Other Writings

“What Is Critical Theory Today? (and What Is It For?)”

Zeitschrift für Politische Theorie, vol. 2017, no. 2 (forthcoming 2018)

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Written for inclusion in a special symposium of “Critical Theory Today”


The Diversity and Unity of Critical Theory in Prague,”

Philosophy and Social Criticism, vol. 43, no. 3 (2017): 335-6

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Written as part of a special issue commemorating the 25th year of the annual “Philosophy and Social Sciences” Conference in Prague


Emergency Politics are the Wrong Path for Today's Europe,”

openDemocracy, 8 February (2016)

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Written as an op-ed in reaction to President François Hollande's proposed constitutional changes following the terrorist attacks in Paris on November 13, 2015



Working Papers

“Emergency Powers and Democratic Equality” (currently under peer review)

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This paper explores in what sense emergency securitarian measures (ESMs) may not only be illiberal or dictatorial but also inegalitarian. Political theorists who study the uses of emergency powers in reaction to threats such as terrorism are familiar with how such measures become instruments of discrimination and abuse, but they are apt to explain these inegalitarian consequences in terms of populist overreaction or elite fear-mongering. The argument here is that there is a deeper tension between ESMs and democratic equality, which is not reducible to the more familiar debate over civil liberties and has to do with the role of law in integrating new or previously subjected groups into a democratic community. As liberal democratic societies become increasingly diverse and multicultural in the present era of mass immigration and global interconnectedness, this tension between security and equality is likely to become more pronounced.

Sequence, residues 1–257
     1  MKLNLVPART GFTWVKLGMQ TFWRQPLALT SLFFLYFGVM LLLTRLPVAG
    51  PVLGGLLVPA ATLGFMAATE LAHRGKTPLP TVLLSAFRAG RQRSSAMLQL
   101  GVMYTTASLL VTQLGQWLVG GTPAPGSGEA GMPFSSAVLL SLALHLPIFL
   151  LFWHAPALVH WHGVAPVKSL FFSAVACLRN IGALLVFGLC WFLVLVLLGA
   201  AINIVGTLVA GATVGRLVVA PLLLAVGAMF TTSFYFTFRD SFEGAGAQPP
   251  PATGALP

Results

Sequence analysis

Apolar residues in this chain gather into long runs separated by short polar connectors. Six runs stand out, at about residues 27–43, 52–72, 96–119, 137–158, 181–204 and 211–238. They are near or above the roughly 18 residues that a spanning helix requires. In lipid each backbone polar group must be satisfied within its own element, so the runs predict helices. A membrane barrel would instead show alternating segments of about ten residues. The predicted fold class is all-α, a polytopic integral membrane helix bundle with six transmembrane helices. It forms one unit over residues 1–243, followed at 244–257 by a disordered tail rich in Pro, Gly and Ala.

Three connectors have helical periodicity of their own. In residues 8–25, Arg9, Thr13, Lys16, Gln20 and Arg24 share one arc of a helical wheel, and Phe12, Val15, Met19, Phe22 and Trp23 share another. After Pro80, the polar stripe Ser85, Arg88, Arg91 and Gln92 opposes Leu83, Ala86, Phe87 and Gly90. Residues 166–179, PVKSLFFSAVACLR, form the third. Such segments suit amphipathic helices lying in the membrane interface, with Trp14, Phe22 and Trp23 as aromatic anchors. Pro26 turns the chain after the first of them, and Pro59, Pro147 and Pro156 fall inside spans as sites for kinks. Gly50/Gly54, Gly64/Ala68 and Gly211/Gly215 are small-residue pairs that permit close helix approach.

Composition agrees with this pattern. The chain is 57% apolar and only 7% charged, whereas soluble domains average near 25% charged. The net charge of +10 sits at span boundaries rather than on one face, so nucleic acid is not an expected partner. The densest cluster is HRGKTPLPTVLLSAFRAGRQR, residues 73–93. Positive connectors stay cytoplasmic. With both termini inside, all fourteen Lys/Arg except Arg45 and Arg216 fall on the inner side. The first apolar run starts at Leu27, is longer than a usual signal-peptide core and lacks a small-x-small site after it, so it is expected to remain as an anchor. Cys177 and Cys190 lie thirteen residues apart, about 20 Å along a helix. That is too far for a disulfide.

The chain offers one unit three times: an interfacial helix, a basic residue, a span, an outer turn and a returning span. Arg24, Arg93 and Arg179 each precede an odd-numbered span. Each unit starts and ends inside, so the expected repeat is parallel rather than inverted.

“Justification Crisis: A Discourse-Theoretic Critique of Faltering Hegemony” 

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After the 2007/8 economic recession, many anticipated a “legitimation crisis” of neoliberal capitalism, which could provide new opportunities for a reassertion or even an expansion of social democracy. The developments that followed have greatly frustrated such hopes. Instead of a resurgence of socialist or democratic politics, what we see now is a wave of right-wing populism flooding the political systems of the U.S. and Europe. Applying Rainer Forst’s recent work to Antonio Gramsci’s analysis of hegemony, I argue we can speak of a “justification crisis” as a pathological form of legitimation crisis: it occurs when the hegemony of a prevailing narrative of justification begins to crumble, but the major institutions of society cannot marshal the resources necessary to generate an alternative. In this situation, the public sphere is too corrupted to facilitate deliberative processes of opinion and will-formation, while the mechanisms of aggregative democracy remain in place, leaving discontented citizens to vote on the basis of snap judgments and prejudices untested by criteria of reciprocal and general justification. This makes the political system prone to erratic decision-making, producing the “morbid symptoms” Gramsci considered typical of a crisis in which “the old is dying but the new cannot be born.”

“Whither Justice in Times of Crisis?” 

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John Rawls published his Theory of Justice in the early 1970s at the tail end of the Trente Glorieuses—the decades following World War II that were marked by the absence of major economic crisis and the supremacy of Keynesian economics. This may partly explain the relative absence of political economy and crisis management in his model of political justice, even when he turns his attention to matters of non-ideal theory. But not only have events since 2008 indicated that crises are still very much a part of the economic, social, and political life of liberal-democratic society, there are many studies suggesting that the frequency of crises under advanced capitalism may be accelerating. What does this mean for our theories of justice, which typically presume the background of an already stable society, with predictable rules of economic, social, and institutional performance? At first glance, this may seem to give credence to the so-called “realist” claim that questions of ideal justice must take a back seat to “more fundamental” issues of order and basic legitimacy. Drawing on the work of Nancy Fraser and Rainer Forst, I argue this need not be the case; however, it does require us to clarify certain distinctions and rethink others in the way we theorize justice. It also requires additional attention to the role of power, justification, and reflexivity in the way we conceive and construct such theories.